But these incidences are only a fraction of what media outlets report globally, with Collabera Digital Director of Sales Ivan Dianga saying at least 2,200 cyberattacks have been recorded daily so far this year, with an estimated $8 trillion lost in the process.

Ivan Diagna tackles the importance of building companies’ cybersecurity
In Picture: Ivan Diagna tackles the importance of building companies’ cybersecurity

“The attacks are consistent, and the need for our persistence to preserve our systems is much needed,” said Dianga during his short presentation on the significance of boosting the Philippines’ cybersecurity measures.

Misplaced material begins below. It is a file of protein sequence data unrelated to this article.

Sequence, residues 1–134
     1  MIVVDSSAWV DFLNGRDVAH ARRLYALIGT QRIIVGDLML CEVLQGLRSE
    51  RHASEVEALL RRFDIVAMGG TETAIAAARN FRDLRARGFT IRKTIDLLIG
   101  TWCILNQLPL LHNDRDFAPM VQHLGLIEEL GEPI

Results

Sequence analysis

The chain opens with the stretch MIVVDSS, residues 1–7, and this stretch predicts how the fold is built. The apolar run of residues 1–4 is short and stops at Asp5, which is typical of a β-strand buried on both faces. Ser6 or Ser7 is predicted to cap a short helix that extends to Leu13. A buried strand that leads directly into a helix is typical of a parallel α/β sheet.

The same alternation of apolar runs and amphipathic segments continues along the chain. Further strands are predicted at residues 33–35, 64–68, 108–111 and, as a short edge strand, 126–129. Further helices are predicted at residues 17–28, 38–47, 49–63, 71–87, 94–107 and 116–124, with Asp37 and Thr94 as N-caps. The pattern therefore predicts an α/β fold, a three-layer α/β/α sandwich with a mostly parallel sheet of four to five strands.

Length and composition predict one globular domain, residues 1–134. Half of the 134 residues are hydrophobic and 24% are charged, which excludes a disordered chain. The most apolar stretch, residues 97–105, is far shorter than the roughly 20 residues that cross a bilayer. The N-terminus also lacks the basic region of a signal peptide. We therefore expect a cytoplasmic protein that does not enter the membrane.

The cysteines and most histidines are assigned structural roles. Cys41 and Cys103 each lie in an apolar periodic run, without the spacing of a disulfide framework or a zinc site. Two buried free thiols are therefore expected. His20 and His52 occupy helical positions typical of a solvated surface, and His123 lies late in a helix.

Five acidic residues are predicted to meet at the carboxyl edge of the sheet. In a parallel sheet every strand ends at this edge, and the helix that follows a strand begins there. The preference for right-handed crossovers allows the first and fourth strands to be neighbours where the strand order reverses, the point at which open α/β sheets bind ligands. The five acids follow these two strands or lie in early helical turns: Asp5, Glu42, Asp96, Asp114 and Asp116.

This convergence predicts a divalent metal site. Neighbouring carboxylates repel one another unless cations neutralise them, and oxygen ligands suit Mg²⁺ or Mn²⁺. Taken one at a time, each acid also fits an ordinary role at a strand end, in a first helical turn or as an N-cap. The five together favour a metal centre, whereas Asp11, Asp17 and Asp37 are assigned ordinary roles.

“Everyone is now a target—me, you, everyone,” he pointed out, adding that no geographical boundaries prevent attackers from infiltrating cyberspace nowadays.

Dianga emphasized the need for institutions to build their defensive systems to avoid becoming victims of such attacks.

“Do a maturity check… They should be able to identify the risks…and, more importantly, to respond in any incident,” he said.

While ramping up cybersecurity measures can be costly, Dianga said this is crucial in safeguarding users and the integrity of the institutions, adding that being resilient to cyberattacks isn’t always a good thing.

A panel with Quick Loans Online (QLO) General Manager Mary Ruth Oquendo, Digital Lenders Association of India CEO Jatinder Handoo, Global Dominion Financing Inc. Head of Business Development Aian Guanzon, Head of E-channel at Etiqa Noel Tordesillas, MyKartero President Arlene Martinez, Insight and Supply Chain Solutions Co-founder and CEO Pierre Carlo Curay, LABX CEO Tom Navasero, and Collabera’s Dianga, also shared their best practices for keeping their databases secure.